One of the most pleasing
things about the recent Monteux discography
has been the opening up of archives
detailing his stints in San Francisco
and with the Concertgebouw. His tenure
of the former was marked by a number
of commercial 78s and Music and Art’s
large Monteux box set was devoted to
live performances. In Amsterdam, where
he first conducted in 1924, he was co-director
with Mengelberg between 1924-25 and
1933-34 and he conducted them frequently
between 1948 and 1963. All the present
concert performances are apparently
first releases. They derive from two
concerts; the bulk from a 1950 Amsterdam
concert, including the Brahms Concerto
with Wilhelm Backhaus, reprising his
famous interpretation, one that he’d
first set down eighteen years before
in London with Boult and was to do so
again in a few years time with Bohm.
The Berlioz Symphonie fantastique is
from a 1962 performance recorded live
All examples of Le
Maître’s work are to be cherished
but some are more problematic than others.
This relates here not to the performances
but to the recording. Taken down on
acetates the 1950 concert is in uniformly
dim sound with a considerable number
of acetate scuffs, that (alarmingly)
increase and decrease unexpectedly.
As with all such problems it’s most
acute when we get a clear patch of pristine
sound. The ear naturally rebels against
it. Quite a bit needs to be taken on
trust, though in the earlier performance
though we can certainly divine the splendid
stamp of Backhaus’ performance, one
that happily divides critics. The proportions
of his playing are generally unchanged
from the Boult commercial HMV (find
it on Naxos) though his opening movement
under Monteux is slightly more relaxed.
Monteux was a famous Brahmsian and brings
out middle voices tellingly (he had
of course been a violist in his youth
and had played for Brahms), always acting
as an apt foil for Backhaus; the conductor’s
lyric intensity is cogently allied to
the pianist’s more granitic qualities.
It’s a powerful traversal but vitiated
by the sound and for specialists only.
The same applies to
the Stravinsky and Le carnaval romain.
Monteux was usually slower than Stravinsky
in The Firebird and so it proves here.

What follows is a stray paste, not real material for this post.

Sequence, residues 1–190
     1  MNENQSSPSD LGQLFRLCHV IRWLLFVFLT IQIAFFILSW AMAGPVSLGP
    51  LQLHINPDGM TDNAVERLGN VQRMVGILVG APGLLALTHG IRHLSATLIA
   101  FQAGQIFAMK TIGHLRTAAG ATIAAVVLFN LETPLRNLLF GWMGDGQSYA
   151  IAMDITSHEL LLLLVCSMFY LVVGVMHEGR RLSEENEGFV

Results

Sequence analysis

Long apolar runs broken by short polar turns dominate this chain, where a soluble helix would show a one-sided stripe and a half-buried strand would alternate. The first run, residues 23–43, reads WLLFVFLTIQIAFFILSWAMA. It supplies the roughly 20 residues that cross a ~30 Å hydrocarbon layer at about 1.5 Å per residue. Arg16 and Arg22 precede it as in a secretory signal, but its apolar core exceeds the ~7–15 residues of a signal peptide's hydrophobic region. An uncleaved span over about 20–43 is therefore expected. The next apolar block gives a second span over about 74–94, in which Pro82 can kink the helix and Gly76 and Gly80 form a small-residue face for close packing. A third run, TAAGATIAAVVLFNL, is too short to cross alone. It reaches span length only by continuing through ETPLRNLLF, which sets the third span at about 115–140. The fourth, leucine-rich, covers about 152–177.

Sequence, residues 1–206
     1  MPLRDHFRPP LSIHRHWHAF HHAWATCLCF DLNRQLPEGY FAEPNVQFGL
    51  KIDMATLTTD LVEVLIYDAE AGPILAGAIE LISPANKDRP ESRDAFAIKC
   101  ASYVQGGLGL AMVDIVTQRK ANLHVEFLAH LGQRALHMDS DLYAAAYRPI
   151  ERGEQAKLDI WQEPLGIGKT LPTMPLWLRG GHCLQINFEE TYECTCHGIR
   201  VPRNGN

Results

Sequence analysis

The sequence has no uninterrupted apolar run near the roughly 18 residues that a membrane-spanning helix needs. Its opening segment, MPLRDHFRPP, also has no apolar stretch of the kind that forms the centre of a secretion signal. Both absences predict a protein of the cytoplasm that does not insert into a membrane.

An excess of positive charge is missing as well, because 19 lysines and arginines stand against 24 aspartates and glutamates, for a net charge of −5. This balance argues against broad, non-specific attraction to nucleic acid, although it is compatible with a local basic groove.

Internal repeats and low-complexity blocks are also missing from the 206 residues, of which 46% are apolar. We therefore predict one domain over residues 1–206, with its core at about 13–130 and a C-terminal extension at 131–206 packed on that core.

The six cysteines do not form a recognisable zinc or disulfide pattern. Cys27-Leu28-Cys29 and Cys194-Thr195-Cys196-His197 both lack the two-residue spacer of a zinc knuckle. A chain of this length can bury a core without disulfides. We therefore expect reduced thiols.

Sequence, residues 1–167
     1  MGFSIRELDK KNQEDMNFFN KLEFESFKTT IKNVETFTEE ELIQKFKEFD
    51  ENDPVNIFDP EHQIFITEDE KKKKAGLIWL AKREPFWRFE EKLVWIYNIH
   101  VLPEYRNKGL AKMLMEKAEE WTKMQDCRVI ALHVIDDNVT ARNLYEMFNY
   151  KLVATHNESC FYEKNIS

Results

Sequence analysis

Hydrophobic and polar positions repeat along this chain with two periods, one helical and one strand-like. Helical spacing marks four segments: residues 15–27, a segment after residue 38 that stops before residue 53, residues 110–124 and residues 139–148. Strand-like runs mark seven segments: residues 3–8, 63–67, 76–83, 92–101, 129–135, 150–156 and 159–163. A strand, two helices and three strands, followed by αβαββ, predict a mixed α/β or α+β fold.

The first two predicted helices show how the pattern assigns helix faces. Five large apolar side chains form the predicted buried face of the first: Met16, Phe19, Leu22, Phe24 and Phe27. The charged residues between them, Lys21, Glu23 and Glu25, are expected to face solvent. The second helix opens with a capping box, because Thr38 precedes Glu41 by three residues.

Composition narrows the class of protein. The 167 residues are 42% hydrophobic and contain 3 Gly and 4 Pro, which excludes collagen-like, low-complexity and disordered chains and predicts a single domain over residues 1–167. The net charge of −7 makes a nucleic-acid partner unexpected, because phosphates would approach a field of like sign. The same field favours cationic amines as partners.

The compensations however are those
of a conductor equipped with a virtuoso
command of orchestral colour and timbre;
the avian winds of the Supplication
de L’Oiseau de feu for example or
the powerfully exciting, and brisk,
Infernal Dance (which has an
unfortunate interjection of a noise
like a spray can in operation, which
tends to dampen ardour temporarily).
Le carnaval romain is taken at a Beechamesque
gallop rather than a Munch lope but
the same strictures apply to the sound.
The Symphonie fantastique was taped
the year before Monteux’s death. Here
the recorded sound is good. There is
such fantasy and colour here, much better
than his last commercial recording in
Vienna, though not as visceral or as
galvanising as the 1945 San Francisco
(the second of what I think were five
commercial traversals). Talking earlier
of Munch it’s clearly remarkable how
divergent their views of this work remained.
Munch was much more febrile and quick,
more precise perhaps in certain instances;
Monteux took the larger view, coloured
and shaded with deftness, though lacked
nothing in punch, as he shows here,
where the rubato is excellently controlled
in Un bal and where the winds
shine in the Scène aux champs.
The notes tend to reprint
anecdotes from Doris Monteux’s recollections.
We’re not told where the source material
comes from. As I suggested earlier,
though there are valuable things here,
an amount is discographical duplication
and an amount is in relatively poor
sound. For Monteux admirers I think
– but valuable for them.